and the fowls, then swung the birds by
the lggs three times over the lady's
head, and all about her, and then slbw
ly and only partially cut their throats,
letting the blood flow into a little metal
basin, with which she anointed the pa
tient's hands and feet, between the eyes
1 . , - . , . . . 1
ano on tne lorehead, all . the while re
citing prayers or rather incantations.
the lady crossing her hands backward
and forward in token of submission.
The wretched birds were only half killed,
and by the way thev fluttered it was de
cided whether the charm had or had
not been successful. If they- fluttered
toward the sea it was considered all
right, and the negress sej; up a shrill
"Li! Li!" of fliumph. If, on the
other hand, the unhappy fowls strug
gled, in their death-agonies, toward the
rock, the charm had failed, and the
whole thing had to be done over Beam
Then the patient was made to drink of
the spring, and to wash in it three times
while she was again ineensed bv the ne
gress. The same thing was repeated
for each patient as he or she camo up to
the negress's caldron, until the sand
was strewed with dying fowls and blood,
to a degree which was positively sicken
ing Other negresses were in atten
dance on the principal gitczzanates, as
they are called, dressed in the bine
check haik of their race,-and all equally
revolting in manner and appearance.
This sacrifice dates from the early
Roman times, and is, in fact, a remnant
or the old pagan superstitions. The
curious and painful thiner to me was
that, not only Jewesses but even French
Christians came to be cured, and sub
mitted to all these horrible rites and
incantations. I spoke to one woman
whom I had seen in the morning at the
cathedral, and asked her "how she
could reconcile it to her conscience to
seek relief in such a manner ?" She re
plied: "I believe in the cures effected
by the negresses, and, if theirs is a bad
agency, at any rate it is overruled for
good. God is in heaven and we on
earth, and He can bless whatever means
we use. Lady Herbert's " Algeria."
Alaska Antiquities.
At the last meeting of the California
Academy of Sciences, W. H. Dall, of
the United States Coast Survey, read
an interesting paper on his recent dis
covery of prehistoric remains in Alaska,
Among these relic?, mention is made of
seven skeletons, which were found ar
ranged around the edge of a small cave
located under an isolated rock, on
Omaknok Island. Contrary to the
record of similar caves in Europe, no
remains of animals were found. Near
one of the skeletons there were heaped
together a number of stone knives, a
bone awl, and two fragments, one of
pumice, and the other of fine sandstone,
with their edges and surfaces smoothed
and squared, evidently for the purpose
of dressing down the asperities of skins
to be used for clbKiing. The most in
teresting collections are reported to
have been found near the skeleton of a
woman, which was stationed farthest
from the entrance to the cave; these
consisted of two bone tabrets, shaped
like those now in use among the Thlink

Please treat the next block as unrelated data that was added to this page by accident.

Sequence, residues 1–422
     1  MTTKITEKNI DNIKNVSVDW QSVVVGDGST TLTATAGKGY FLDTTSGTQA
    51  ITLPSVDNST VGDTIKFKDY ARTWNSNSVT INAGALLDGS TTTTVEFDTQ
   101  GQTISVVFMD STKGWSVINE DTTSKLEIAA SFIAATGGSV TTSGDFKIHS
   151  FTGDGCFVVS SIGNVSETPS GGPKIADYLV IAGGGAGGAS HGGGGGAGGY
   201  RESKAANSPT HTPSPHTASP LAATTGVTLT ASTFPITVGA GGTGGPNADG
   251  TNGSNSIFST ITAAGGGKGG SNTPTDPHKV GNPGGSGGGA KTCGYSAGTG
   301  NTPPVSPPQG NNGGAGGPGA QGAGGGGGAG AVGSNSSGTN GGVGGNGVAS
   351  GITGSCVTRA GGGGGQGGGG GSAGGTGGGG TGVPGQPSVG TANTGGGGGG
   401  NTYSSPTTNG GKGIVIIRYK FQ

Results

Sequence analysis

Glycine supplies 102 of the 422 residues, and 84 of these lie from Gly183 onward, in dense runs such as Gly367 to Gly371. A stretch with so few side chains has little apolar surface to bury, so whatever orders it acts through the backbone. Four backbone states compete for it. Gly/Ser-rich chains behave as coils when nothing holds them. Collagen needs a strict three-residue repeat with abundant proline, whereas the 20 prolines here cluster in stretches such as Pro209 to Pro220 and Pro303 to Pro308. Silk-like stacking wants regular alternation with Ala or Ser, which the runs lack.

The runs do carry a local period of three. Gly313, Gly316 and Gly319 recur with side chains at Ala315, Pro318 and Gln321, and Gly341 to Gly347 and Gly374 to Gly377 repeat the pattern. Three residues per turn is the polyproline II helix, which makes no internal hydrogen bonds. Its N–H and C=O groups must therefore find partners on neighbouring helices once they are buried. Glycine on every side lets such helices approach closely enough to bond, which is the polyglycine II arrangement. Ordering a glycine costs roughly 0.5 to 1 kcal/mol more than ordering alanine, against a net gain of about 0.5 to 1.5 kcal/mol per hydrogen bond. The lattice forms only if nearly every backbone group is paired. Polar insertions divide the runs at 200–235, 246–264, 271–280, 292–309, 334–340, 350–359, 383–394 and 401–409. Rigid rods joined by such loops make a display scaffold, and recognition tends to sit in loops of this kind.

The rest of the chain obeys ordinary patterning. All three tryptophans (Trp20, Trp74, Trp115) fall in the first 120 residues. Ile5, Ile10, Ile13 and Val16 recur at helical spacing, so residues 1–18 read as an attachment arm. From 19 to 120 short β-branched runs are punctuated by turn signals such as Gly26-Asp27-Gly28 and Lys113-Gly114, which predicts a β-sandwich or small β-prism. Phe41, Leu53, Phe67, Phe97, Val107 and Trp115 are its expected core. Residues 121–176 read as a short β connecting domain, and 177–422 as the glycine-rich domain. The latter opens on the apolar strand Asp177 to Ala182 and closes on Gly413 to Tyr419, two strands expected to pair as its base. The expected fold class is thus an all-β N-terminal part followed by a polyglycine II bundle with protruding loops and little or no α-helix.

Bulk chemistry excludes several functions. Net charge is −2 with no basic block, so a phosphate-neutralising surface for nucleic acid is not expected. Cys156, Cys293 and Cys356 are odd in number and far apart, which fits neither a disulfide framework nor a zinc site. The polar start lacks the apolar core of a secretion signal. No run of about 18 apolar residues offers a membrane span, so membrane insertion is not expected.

ets and Botccudas; a lot of needles,
made of the wing-bones of birds; a
neeedle-oase, made of the humerus of
some large bird, closed at eaoh end by
a wooden stocjper; bone awls, stone
knives, a whetstone of fine-grained sand,
and a little cose of birch-bark contain
ing plumbago. The only anatomical
peculiarity of the bones, which agpeed
in all essential respects with Esquimaux
remains of similar character, was the
great stoutness of the long bones, and a
remarkable thickening of the inner face
of the under jaw, which was so exten
sive in a majority of cases as to nearly
close the space between the halves of
the jaw, the bone being over an inch in
diameter. So far as the memory of the
present inhabitants goes, these are the
remains of a prehistoric race, though,
from the panshable nature of many of
the implements found, it is evident that
the title does not apply in its present
The Gueat Storm.
" The Great Snow Storm of 1872," as
we suppose our Christmas storm will
be hereafter known in the chronicles of
the time, seems to have extended nearly
from the Gulf to the northern part of
Canada. So fat as we ean learn, a line
drawn from the southern boundary of
Tennessee to the seaboard of South
Carolina and curving downwards marks
the base of the storm. Advancing
thence, the snow clouds skirted the
States bordering on the Mississippi and
enveloped the whole Atlantic coast from
Charleston, S. C.,Ito the British Ameri
can Provinces. This is a very broad
area ; and the intense cold which pre
ceded the storm in these parts, was an
accompaniment of it in every portion of
the broad extent which it covered. In
deed the low temperature seems to have
originated in the extreme West, long
before the snow began to fall. San
Francisco reports of the 19th speak of
thin ice being formed on shallow stand
ing water in the city, a thing unheard-of
and which astonished the gamins of the
street, who were puzzled by the pheno
menon. Of course, we have numerous
accounts of snowbound railway trains
and distressed wayfarers. The storm
has been one of great hardship on land
and sea ; it will be long remembered
for its discomforts and desolation.